Uncertain future for kakapo recovery plan as smelter ends funding deal

Sirocco the kakapo was the guest of honour at a party on Tuesday night to thank the NZ Aluminium Smelter for its support ...
CAMERON BURNELL/ FAIRFAX NZ

Sirocco the kakapo was the guest of honour at a party on Tuesday night to thank the NZ Aluminium Smelter for its support of the birds' recovery programme. The partnership is set to end in December, with future funding uncertain.

The future of the Department of Conservation's kakapo recovery programme appears uncertain, with the Tiwai Point aluminium smelter looking at pulling out of its commercial funding after 25 years.

The Southland-based New Zealand Aluminium Smelter has backed the programme since 1990, but the deal is set to end in December.

Conservation Minister Maggie Barry declined to answer questions on Tuesday about whether the department would give extra money to support kakapo recovery once the contract ended.

NZAS funded one-fifth of DOC's annual $1 million budget caring for and breeding the critically endangered flightless parrots, contributing $4.5m and hundreds of volunteer hours since 1990.

Both Barry and DOC said in written statements that they were committed to the recovery programme. DOC was "actively working" with NZAS, as well as other parties, to secure continued funding, both statements said.

Asked why the smelter was pulling out of the deal, NZAS chief executive Gretta Stephens said the matter was under discussion and no formal announcement had been made about whether the contract would be renewed. 

Barry, Stephens, DOC director-general Lou Sanson and Sirocco the kakapo were all special guests at an event held at the Zealandia sanctuary in Karori, Wellington, on Tuesday celebrating the smelter's 25-year funding partnership.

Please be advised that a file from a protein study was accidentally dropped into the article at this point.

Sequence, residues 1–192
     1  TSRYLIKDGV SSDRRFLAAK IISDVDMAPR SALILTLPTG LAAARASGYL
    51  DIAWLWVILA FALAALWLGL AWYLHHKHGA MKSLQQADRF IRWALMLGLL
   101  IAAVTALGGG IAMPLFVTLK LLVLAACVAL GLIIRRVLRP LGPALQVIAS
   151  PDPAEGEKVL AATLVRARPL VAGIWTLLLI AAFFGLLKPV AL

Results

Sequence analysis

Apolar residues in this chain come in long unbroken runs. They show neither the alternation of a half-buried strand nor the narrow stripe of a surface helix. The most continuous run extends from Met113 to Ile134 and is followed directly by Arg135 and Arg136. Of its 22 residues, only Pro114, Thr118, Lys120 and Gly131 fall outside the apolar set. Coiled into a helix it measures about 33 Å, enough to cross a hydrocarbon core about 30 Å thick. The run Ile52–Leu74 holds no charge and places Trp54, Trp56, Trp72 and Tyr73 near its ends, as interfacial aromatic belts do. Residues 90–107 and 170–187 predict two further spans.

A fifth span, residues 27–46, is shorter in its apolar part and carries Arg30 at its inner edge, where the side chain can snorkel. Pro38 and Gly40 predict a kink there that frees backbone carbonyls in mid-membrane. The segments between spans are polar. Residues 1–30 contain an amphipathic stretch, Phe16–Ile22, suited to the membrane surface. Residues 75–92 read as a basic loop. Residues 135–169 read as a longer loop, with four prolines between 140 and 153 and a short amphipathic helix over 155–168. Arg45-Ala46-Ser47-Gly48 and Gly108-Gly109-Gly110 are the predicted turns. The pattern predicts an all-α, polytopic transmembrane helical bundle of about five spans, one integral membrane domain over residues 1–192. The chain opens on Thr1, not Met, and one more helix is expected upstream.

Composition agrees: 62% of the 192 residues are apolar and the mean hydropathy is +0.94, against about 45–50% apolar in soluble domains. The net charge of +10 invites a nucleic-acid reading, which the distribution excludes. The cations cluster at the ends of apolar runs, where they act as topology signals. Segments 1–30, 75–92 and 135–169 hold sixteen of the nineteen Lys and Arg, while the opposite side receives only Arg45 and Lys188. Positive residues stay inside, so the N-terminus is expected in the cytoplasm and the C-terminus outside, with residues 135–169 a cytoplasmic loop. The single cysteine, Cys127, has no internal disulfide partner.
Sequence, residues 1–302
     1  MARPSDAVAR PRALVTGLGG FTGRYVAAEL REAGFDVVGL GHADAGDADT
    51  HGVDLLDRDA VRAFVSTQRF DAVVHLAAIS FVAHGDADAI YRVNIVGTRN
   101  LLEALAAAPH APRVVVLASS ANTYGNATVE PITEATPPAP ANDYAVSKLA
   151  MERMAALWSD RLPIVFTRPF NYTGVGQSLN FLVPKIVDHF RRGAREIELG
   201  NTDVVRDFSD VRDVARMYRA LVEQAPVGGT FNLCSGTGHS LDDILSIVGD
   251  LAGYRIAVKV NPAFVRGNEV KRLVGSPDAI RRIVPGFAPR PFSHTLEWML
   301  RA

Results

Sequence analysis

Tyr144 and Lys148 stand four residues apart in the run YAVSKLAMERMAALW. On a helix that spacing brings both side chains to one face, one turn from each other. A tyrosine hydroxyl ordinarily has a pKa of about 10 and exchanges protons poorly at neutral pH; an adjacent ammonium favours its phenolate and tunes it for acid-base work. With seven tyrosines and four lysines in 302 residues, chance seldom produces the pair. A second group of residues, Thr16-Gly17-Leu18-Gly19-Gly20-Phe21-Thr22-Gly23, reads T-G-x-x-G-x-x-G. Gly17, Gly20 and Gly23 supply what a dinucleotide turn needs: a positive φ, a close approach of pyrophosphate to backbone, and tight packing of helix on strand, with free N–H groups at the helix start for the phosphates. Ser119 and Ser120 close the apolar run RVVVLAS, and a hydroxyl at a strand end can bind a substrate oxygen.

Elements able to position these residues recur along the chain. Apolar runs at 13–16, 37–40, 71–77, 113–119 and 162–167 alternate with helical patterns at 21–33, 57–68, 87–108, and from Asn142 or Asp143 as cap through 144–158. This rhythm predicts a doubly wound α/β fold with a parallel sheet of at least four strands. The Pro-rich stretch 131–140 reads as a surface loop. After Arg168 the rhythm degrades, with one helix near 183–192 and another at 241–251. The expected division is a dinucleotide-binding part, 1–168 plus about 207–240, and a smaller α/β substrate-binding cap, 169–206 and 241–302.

Forest & Bird is also part of the recovery programme, which has seen the kakapo population rise from 49 to 125 over the past 25 years. Advocacy manager Kevin Hackwell said the quarter century of the smelter's support was significant in reversing the birds' decline.

But he echoed concerns that DOC would be put in a difficult spot of sacrificing one biodiversity priority for another if Barry did not boost funding levels, in the event of private money falling through.

"We've just recently lost BNZ from kiwi recovery, for example, and they have not been replaced either ... Economies change, but the threat to the species doesn't, and we need to make sure we have the basics covered all the time."

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In recent years, the Tiwai Point smelter became more familiar with government generosity, receiving $30m in taxpayer subsidies in 2013.

The company, owned by Rio Tinto, announced its intention to no longer financially support the kakapo partnership back in 2012. Conservation experts at the time said any cuts to funding could have disastrous results for the kakapo's survival.

Labour conservation spokeswoman Ruth Dyson hoped Barry would commit to new government funding to cover the kakapo recovery shortfall, should no partner sign up to offer similar financial support.

"That's always been my concern when previous conservation minister Nick Smith and now Maggie Barry have talked about partnerships ... When the department becomes reliant on private-sector funding to fulfil its core function, it's really problematic.

"We can't make organisations fund particular programmes, we can be attractive, but in the end it's their call what they fund.

"So what's plan B: how are we going to support this amazing and endangered bird going forward?"

 - Stuff

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